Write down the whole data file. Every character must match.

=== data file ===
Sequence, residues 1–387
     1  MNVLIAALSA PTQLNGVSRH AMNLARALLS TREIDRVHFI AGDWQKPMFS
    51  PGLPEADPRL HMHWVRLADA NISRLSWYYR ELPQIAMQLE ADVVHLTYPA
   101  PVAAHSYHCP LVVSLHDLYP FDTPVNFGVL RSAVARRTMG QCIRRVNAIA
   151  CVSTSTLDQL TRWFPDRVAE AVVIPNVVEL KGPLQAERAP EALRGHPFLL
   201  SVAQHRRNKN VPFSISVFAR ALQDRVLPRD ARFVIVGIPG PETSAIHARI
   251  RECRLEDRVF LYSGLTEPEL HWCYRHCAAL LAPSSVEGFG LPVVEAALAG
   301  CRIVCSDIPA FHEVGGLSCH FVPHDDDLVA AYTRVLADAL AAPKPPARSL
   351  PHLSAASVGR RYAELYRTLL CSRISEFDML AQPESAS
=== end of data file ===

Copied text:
Sequence, residues 1–387
     1  MNVLIAALSA PTQLNGVSRH AMNLARALLS TREIDRVHFI AGDWQKPMFS
    51  PGLPEADPRL HMHWVRLADA NISRLSWYYR ELPQIAMQLE ADVVHLTYPA
   101  PVAAHSYHCP LVVSLHDLYP FDTPVNFGVL RSAVARRTMG QCIRRVNAIA
   151  CVSTSTLDQL TRWFPDRVAE AVVIPNVVEL KGPLQAERAP EALRGHPFLL
   201  SVAQHRRNKN VPFSISVFAR ALQDRVLPRD ARFVIVGIPG PETSAIHARI
   251  RECRLEDRVF LYSGLTEPEL HWCYRHCAAL LAPSSVEGFG LPVVEAALAG
   301  CRIVCSDIPA FHEVGGLSCH FVPHDDDLVA AYTRVLADAL AAPKPPARSL
   351  PHLSAASVGR RYAELYRTLL CSRISEFDML AQPESAS